Education A State Capitals Roundup

Legal Foundation Seeks Probe Into Calif. Union’s Use of Fees

By Linda Jacobson — September 20, 2005 1 min read
  • Save to favorites
  • Print

The Landmark Legal Foundation, a public-interest law firm with offices in Leesburg, Va., and Kansas City, Mo., has asked the California Public Employment Relations Board to investigate whether the California Teachers Association is using fees paid by nonmember teachers to finance a campaign to defeat Gov. Arnold Schwarzenegger’s ballot initiatives in a special election Nov. 5.

The complaint focuses on a $60-a-year, three-year assessment that the 335,000-member union says is going for debt retirement. While nonunion teachers are required by law to pay fees for collective-bargaining purposes, they are entitled to a refund of the portion of the fees used for political reasons.

The CTA is opposing the governor’s “Live Within Our Means Act,” which would eliminate the minimum-funding guarantee for schools in Proposition 98 and require new teachers to serve a five-year probationary period instead of the current two years.

Beverly Tucker, the CTA’s chief counsel, said the complaint has no merit, and called it another “attack on unions” from Landmark.

A version of this article appeared in the September 21, 2005 edition of Education Week

Events

This content is provided by our sponsor. It is not written by and does not necessarily reflect the views of Education Week's editorial staff.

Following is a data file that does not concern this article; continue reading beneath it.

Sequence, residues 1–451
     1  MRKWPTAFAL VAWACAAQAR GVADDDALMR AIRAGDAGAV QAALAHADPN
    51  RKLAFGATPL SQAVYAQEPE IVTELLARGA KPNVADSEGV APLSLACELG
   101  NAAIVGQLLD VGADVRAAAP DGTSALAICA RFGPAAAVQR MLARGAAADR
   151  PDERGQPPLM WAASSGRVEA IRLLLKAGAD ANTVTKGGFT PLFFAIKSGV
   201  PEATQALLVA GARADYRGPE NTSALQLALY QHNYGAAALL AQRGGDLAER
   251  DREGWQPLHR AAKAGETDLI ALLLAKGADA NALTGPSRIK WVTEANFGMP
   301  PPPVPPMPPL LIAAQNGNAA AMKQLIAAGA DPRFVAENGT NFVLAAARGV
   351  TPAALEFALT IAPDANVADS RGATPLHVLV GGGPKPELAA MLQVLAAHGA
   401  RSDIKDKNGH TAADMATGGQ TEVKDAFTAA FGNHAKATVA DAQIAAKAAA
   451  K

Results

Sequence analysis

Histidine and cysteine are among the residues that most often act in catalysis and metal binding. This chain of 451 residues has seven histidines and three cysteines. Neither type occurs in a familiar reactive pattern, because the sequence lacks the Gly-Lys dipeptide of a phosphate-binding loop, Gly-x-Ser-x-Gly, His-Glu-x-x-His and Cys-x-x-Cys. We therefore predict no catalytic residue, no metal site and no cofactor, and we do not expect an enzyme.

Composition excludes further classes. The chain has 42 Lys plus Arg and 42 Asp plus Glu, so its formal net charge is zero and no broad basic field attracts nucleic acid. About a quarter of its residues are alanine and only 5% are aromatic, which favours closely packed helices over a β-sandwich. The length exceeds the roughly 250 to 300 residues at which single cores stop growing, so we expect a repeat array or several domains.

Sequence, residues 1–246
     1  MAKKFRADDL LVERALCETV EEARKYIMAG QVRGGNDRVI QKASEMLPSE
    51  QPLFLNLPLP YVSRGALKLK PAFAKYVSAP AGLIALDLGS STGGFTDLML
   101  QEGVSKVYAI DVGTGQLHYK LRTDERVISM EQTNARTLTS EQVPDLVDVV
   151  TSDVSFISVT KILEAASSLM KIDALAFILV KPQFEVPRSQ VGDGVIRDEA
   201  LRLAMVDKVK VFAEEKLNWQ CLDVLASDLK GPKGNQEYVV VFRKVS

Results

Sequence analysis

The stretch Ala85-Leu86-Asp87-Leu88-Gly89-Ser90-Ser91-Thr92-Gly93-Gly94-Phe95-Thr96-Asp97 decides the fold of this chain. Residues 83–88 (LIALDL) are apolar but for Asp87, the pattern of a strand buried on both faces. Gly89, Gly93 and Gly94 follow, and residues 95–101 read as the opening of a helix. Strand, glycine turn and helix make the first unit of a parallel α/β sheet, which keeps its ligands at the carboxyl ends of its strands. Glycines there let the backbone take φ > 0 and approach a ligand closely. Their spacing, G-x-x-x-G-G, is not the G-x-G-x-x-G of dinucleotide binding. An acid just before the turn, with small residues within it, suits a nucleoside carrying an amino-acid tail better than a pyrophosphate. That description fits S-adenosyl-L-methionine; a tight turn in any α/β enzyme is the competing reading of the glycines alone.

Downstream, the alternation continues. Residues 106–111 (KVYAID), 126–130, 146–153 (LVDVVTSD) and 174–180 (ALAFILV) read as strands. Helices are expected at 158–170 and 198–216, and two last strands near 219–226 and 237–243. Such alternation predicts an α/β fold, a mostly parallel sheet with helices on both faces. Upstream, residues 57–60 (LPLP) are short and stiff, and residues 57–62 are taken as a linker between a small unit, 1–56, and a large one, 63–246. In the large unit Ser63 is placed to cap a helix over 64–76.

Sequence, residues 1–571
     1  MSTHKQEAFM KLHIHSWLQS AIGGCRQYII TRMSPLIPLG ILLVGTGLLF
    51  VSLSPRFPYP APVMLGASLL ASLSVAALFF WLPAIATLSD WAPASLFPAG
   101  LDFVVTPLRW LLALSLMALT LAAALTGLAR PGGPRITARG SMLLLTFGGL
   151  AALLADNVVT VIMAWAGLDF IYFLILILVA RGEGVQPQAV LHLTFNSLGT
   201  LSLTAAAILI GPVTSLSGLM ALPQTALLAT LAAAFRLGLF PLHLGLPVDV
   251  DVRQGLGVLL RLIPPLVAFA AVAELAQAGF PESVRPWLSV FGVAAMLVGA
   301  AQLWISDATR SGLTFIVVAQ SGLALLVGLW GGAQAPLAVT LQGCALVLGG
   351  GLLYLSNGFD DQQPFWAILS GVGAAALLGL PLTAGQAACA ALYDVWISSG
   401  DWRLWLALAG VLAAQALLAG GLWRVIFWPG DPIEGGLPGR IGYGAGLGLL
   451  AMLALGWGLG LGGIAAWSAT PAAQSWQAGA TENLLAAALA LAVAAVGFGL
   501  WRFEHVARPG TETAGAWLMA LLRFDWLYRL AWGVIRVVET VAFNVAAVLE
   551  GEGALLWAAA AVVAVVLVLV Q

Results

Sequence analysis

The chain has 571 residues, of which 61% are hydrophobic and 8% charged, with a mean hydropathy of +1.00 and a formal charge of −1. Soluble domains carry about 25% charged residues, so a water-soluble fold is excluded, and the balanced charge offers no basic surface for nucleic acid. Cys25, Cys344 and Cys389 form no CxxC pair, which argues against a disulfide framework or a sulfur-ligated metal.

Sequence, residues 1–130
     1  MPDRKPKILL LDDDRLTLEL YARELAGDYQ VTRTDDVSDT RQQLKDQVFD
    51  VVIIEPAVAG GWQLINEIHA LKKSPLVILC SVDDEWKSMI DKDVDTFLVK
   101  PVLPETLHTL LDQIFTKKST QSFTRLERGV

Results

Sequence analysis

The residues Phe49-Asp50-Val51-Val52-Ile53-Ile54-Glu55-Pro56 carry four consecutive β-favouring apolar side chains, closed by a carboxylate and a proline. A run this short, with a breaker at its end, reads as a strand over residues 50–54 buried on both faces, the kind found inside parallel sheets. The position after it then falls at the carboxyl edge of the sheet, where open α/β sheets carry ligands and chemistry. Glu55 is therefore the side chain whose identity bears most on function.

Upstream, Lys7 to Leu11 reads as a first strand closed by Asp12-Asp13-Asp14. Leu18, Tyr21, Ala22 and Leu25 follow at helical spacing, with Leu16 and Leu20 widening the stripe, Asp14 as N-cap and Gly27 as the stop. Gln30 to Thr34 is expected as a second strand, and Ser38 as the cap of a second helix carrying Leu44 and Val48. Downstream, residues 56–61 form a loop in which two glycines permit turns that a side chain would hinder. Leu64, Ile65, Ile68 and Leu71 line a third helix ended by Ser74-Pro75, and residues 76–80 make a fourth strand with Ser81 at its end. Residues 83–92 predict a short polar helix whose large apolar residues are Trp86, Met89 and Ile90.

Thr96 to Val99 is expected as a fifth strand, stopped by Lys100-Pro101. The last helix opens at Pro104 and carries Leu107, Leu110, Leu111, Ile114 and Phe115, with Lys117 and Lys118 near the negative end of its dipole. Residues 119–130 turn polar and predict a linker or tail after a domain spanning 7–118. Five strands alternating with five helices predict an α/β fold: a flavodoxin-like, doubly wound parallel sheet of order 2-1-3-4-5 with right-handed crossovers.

Sponsor
Budget & Finance Webinar
Innovative Funding Models: A Deep Dive into Public-Private Partnerships
Discover how innovative funding models drive educational projects forward. Join us for insights into effective PPP implementation.
Content provided by Follett Learning
Budget & Finance Webinar Staffing Schools After ESSER: What School and District Leaders Need to Know
Join our newsroom for insights on investing in critical student support positions as pandemic funds expire.
This content is provided by our sponsor. It is not written by and does not necessarily reflect the views of Education Week's editorial staff.
Sponsor
Student Achievement Webinar
How can districts build sustainable tutoring models before the money runs out?
District leaders, low on funds, must decide: broad support for all or deep interventions for few? Let's discuss maximizing tutoring resources.
Content provided by Varsity Tutors for Schools

EdWeek Top School Jobs

Teacher Jobs
Search over ten thousand teaching jobs nationwide — elementary, middle, high school and more.
View Jobs
Principal Jobs
Find hundreds of jobs for principals, assistant principals, and other school leadership roles.
View Jobs
Administrator Jobs
Over a thousand district-level jobs: superintendents, directors, more.
View Jobs
Support Staff Jobs
Search thousands of jobs, from paraprofessionals to counselors and more.
View Jobs

Read Next

Education Briefly Stated: April 17, 2024
Here's a look at some recent Education Week articles you may have missed.
8 min read
Education Briefly Stated: March 20, 2024
Here's a look at some recent Education Week articles you may have missed.
8 min read
Education Briefly Stated: March 13, 2024
Here's a look at some recent Education Week articles you may have missed.
9 min read
Education Briefly Stated: February 21, 2024
Here's a look at some recent Education Week articles you may have missed.
8 min read